Wednesday, March 09, 2016

An Intention-Perception Mismatch?

Do not under-estimate the value of morale and over-estimate the quantitative measures of military power.

We need to work very hard to counter this impression of Afghan security force retreats from exposed checkpoints:

Overstretched Afghan forces are pulling back from violent southern districts without a fight, ceding key territory to the resurgent Taliban as part of an unprecedented "strategic retreat" that has stoked fears government control is slipping. ...

"Once you start pulling out troops and surrendering hard-won territory, you are basically admitting that the Taliban have won," said Mohammad Ismail, a tribal elder from Musa Qala who fled the area after government troops pulled out.

"This is a betrayal to all those who have sacrificed their lives to defend these areas over 15 years."

The intent of the retreat is to build up a reserve of troops that can go after the Taliban rather than slowly lose a war of attrition against insurgents who have the advantage of not having to hold positions day after day against shadowy enemies who strike when they feel like it.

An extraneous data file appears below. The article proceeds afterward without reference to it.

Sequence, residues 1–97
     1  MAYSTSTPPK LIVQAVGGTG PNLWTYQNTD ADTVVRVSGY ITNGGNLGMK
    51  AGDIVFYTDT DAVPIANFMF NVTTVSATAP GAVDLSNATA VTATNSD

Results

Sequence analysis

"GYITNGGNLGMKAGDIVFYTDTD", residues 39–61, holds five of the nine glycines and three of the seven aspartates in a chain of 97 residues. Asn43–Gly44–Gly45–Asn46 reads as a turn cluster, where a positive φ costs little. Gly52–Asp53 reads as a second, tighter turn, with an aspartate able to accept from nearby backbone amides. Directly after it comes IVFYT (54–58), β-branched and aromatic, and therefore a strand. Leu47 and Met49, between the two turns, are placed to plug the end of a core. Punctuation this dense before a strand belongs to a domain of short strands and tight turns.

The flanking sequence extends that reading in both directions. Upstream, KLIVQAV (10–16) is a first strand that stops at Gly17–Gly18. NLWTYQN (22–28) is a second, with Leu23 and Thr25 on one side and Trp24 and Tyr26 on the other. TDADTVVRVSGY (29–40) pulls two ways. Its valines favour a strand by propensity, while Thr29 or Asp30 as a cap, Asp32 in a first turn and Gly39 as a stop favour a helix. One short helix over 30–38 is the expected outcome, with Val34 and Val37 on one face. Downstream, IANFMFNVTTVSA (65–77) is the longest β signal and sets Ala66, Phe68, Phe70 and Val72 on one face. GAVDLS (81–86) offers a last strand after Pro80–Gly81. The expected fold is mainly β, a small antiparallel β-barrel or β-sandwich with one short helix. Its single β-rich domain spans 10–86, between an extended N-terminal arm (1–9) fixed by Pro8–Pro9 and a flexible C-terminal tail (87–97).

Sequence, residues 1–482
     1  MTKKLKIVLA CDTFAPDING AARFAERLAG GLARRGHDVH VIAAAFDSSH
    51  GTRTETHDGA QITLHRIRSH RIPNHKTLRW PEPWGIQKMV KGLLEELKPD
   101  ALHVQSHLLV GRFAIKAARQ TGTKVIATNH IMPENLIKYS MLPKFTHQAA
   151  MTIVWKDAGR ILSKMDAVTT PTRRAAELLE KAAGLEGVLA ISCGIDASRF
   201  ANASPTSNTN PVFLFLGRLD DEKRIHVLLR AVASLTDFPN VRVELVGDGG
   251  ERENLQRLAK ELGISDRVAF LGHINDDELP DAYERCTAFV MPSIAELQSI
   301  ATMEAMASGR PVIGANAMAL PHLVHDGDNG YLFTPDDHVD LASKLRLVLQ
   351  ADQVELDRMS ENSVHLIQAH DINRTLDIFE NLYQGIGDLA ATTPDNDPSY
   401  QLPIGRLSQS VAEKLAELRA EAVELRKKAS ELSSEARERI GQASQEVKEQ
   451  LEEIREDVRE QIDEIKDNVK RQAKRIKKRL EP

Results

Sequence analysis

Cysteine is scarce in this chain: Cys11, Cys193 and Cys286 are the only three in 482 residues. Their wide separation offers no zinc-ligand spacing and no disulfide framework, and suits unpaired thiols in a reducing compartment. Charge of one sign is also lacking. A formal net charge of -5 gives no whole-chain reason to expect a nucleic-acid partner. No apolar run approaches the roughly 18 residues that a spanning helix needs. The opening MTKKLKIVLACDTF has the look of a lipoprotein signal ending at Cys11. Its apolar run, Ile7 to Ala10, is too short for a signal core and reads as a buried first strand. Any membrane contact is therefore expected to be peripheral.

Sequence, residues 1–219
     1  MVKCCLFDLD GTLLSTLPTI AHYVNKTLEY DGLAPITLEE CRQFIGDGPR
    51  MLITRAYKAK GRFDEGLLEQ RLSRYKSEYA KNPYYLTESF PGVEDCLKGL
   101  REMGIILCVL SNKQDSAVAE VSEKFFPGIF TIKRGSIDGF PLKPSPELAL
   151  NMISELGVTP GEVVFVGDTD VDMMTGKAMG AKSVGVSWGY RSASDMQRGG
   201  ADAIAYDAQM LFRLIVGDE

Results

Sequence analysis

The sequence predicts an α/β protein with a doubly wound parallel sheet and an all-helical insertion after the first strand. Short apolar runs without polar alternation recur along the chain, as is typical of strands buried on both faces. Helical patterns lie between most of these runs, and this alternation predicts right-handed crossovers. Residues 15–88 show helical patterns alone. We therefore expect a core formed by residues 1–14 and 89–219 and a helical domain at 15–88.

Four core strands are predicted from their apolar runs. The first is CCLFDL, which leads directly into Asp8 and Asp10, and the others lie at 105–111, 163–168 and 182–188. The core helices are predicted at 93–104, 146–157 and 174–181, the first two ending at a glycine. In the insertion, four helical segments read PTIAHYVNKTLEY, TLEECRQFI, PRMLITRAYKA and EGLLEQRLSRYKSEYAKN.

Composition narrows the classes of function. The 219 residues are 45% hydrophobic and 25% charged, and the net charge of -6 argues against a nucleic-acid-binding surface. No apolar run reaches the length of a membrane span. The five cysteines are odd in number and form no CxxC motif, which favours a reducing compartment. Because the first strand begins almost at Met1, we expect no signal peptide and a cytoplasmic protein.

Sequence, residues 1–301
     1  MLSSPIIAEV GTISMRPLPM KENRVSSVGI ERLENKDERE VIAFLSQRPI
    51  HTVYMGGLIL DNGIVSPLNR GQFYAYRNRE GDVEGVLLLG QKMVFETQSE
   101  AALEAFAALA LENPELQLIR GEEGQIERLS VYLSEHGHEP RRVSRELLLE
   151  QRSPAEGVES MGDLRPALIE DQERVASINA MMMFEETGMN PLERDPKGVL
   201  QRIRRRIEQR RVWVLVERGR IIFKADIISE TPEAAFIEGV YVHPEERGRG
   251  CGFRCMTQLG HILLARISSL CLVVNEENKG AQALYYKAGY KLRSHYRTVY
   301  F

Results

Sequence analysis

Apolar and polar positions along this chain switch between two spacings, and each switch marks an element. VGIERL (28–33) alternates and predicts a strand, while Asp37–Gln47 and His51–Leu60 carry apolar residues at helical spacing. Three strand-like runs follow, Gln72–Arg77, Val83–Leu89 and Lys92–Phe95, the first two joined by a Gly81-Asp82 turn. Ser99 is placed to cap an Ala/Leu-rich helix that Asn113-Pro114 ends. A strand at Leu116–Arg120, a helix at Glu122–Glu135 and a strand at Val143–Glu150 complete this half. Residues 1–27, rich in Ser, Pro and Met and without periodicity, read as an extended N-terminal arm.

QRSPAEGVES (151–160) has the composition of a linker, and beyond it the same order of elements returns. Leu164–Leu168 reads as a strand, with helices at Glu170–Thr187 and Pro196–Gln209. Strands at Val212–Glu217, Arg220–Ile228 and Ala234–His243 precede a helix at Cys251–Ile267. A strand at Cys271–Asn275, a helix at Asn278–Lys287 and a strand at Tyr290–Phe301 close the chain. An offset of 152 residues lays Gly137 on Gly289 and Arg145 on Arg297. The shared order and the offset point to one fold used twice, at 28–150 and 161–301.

But to avoid a self-fulfilling prophecy that begins a cascade of defeatism among government forces and supporters, we have to provide visible support to show them that the fight continues despite the visible retreats, and that this is the path to victory and not defeat.

Do recall that after we cut off support for South Vietnam, during the North Vietnamese mechanized offensive against the southern government, the Saigon government ordered a "strategic withdrawal" to consolidate their forces.

This was the correct decision on purely military grounds. The South Vietnamese ground forces were being hammered and had to do that to survive.

Unfortunately, the troop withdrawal degenerated into a rout and the collapse of the South Vietnamese military and will to resist the invasion.

The Taliban at least are not a mechanized force, meaning that any government collapse of morale might be a regional southern problem rather than a total defeat.

But it will be a victory for the Taliban requiring an Afghanistan War 2.0, on top of the Iraq War 2.0 we are fighting now, and the pending Libya War 2.0.

And then there is Cold War 2.0 in Europe.

But at least we have Pivot 1.0 in Asia. So that's new.

I'm just not feeling the tide of war receding. But that's another intention-perception mismatch.